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After Hamas Slaying of Their Son, Roey Weiser's Family Honors His Memory by Helping Soldiers, the Poor

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EFRAT, Israel – Roey Weiser is an American-Israeli hero who lost his life at age 21 during the Hamas attack outside the Gaza Strip earlier this month. 

His quick actions helped save the lives of several of his fellow soldiers in the Golani Brigade. CBN News visited his parents, Yami and Naomi Weiser, as they mourned the loss of their son. In his memory, they're setting up a foundation to help soldiers and poor Israelis who are in need.

Yami and Naomi had ripped their clothes as is the Jewish custom to symbolize their pain during the week of mourning.

Yami told us, "My son was in the Golani Brigade. He was stationed at the Erez Crossing on Saturday of the seventh, the seventh of October, 6:30 in the morning, when the Hamas decided to come with all their forces into Israel and start fighting with us. Roey was in his base at the crossing."

"There were only like 20 soldiers in the base with him. He realized that there were many more Hamas combatants than soldiers in the base, and they were slowly picking them off. And my son went to the officer and he says, 'I have an idea. It's a little bit out there, but we need to we need to go around, you and I. We should take 3 other soldier.'"

"So it was the officer, my son was a sergeant, my my son's radio man and two other soldiers. They went out under fire around the building. They flanked the building, they went all the way around, they dropped on one of the roofs. So they went up onto one of the roofs, and they dropped onto the roofs. And together with the other team they they shot, and were able to hold off, to kill and hold off the Hamas combatants until either they shot them all, killed them all, or had them all run away. The rest of them ran away. And because of that, because of his ideas, his heroic thought at that moment and what he did, he was able to hold off Hamas, hold down the base, OK, for 2 hours until the reinforcements came to help them out. And 12 soldiers are alive to tell us the story today and, regretfully, in the crossfire, our son had died."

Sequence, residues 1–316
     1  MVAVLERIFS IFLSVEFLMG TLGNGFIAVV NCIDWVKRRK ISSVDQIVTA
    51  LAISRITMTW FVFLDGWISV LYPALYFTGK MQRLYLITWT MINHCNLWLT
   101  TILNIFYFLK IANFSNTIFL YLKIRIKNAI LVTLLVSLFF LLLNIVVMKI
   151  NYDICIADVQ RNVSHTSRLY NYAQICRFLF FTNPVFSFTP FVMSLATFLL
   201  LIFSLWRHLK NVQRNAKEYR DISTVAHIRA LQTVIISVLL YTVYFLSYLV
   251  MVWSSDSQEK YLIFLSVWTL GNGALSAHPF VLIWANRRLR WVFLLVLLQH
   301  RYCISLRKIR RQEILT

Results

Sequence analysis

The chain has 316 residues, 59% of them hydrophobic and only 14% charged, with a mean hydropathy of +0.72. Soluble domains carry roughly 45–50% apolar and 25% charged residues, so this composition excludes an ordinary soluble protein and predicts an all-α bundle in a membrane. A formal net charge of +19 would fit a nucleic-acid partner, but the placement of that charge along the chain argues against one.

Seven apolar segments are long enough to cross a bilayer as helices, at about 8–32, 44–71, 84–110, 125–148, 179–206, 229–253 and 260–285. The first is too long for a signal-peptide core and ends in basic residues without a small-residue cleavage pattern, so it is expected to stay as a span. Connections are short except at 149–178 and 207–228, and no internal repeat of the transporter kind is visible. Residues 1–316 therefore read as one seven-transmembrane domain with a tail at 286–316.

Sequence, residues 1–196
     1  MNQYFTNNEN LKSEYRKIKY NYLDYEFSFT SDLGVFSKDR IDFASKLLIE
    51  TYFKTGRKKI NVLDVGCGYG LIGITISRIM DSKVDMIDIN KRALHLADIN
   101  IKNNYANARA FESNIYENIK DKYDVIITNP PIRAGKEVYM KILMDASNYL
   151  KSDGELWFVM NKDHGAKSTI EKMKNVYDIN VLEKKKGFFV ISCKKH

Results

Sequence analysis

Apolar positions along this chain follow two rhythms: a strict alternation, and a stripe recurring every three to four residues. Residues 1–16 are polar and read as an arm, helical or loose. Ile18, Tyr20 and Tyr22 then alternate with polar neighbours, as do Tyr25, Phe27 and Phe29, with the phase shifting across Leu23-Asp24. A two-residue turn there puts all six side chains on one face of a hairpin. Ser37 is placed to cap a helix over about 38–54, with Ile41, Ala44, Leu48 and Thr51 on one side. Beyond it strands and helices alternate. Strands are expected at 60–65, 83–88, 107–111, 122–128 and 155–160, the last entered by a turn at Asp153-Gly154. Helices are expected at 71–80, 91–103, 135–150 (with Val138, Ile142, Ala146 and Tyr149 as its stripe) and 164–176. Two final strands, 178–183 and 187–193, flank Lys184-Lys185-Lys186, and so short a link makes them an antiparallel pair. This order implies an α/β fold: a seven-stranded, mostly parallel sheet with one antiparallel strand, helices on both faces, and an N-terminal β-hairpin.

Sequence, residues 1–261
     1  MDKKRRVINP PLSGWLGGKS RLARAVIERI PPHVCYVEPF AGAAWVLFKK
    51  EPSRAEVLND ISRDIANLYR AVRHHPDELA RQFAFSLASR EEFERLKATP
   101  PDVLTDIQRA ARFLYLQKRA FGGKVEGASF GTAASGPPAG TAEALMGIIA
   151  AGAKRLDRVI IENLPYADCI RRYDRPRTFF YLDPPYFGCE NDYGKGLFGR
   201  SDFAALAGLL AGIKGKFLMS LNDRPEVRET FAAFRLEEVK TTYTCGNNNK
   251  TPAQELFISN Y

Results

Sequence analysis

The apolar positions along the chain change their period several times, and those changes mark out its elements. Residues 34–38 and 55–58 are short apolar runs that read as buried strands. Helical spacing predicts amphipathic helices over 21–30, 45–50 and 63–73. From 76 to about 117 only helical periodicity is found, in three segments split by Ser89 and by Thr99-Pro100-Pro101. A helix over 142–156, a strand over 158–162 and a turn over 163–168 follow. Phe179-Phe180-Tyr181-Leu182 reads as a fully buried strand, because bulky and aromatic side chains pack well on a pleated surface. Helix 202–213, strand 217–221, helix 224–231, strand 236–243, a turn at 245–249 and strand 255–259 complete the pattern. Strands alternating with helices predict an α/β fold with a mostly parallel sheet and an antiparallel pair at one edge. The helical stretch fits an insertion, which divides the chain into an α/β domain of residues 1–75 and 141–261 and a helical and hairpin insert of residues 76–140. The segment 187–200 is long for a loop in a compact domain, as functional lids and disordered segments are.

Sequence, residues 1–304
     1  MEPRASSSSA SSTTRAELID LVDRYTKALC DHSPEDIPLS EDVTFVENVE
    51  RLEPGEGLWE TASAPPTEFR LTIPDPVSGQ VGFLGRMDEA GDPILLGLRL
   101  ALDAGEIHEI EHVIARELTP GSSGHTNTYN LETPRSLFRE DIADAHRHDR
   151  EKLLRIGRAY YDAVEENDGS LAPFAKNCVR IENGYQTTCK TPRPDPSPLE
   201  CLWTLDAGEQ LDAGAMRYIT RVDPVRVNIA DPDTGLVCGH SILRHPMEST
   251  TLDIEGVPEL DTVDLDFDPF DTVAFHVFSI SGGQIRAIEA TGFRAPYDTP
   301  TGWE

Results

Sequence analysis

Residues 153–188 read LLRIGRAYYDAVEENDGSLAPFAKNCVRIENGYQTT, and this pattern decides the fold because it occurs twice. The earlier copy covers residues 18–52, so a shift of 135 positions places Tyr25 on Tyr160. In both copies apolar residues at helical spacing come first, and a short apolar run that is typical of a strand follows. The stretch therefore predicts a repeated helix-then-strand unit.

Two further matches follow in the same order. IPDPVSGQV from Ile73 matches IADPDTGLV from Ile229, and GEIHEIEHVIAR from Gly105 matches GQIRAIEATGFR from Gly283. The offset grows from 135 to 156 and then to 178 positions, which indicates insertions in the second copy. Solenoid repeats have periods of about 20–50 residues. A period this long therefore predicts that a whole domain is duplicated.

Naomi said, "Our son was a hero. And we have a 24-year-old daughter, and then Roey was 21, he's our oldest son, he's our oldest son, we have 2 sons, he's our oldest son, and we have another 17-year-old son. He was just your basic kid. He liked sports, he liked soccer. He liked baseball, he liked basketball. He was just a basic 21-year-old kid."

"Israel is a big country, yet a small country; everybody knows everybody.  Right. We were told when about Roey's funeral, people apologized, they couldn't come because they had two other funerals to go to. And like everybody has a brother, a relative, a son. Yeah, it's we're all one big, very sad, family."

When they heard the news, Roey's friends gathered to sing a tribute of the national anthem. CBN News saw the outpouring of pictures and messages attached to the wall around the Weiser's home.

"Our son sacrificed his life. Something should come of it," Naomi said. "Like this should end all wars. We should learn our lesson from this. We should, I want to see peace. I want to know that he didn't die in vain. I want to see this this evil organization that can come and murder children be demolished. I want I want the message to go across the world that anybody that supports them should stop supporting them. And we didn't start this war. Israel is now protecting itself against them."

"Israel should get the support of America and all over the world to help eradicate them, because otherwise, this is going to happen again, if not to us, to another country," she said.

"We were trying to think of the best way to memorialize him, and stories have been coming in from friends, from the army about..."

"How Roey helped them or Roey took care of of this for me and Roey helped with that. And he would call up Yami and ask him, can you buy me, you know, some shoelaces, but can you buy two other pairs I need for my two other friends whose parents can't buy them? Or he would take care of like kids that, he felt that these soldiers were his sons. So we've, it's an important thing that I think we're in the process of doing is starting a foundation for him to take care of the underprivileged because that's what, the underprivileged soldiers...they all should have good watches and good phones that they can call home every night."

"Another way we'd like to remember our son is through his generosity. Generosity. I think, is the word and thinking of others and and always with a smile is what they told us. Always made us laugh, always with a smile."

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About The Author

Julie Stahl

Julie Stahl is a correspondent for CBN News in the Middle East. A Hebrew speaker, she has been covering news in Israel fulltime for more than 20 years. Julie’s life as a journalist has been intertwined with CBN – first as a graduate student in Journalism; then as a journalist with Middle East Television (METV) when it was owned by CBN from 1989-91; and now with the Middle East Bureau of CBN News in Jerusalem since 2009. As a correspondent for CBN News, Julie has covered Israel’s wars with Gaza, rocket attacks on Israeli communities, stories on the Jewish communities in Judea and Samaria and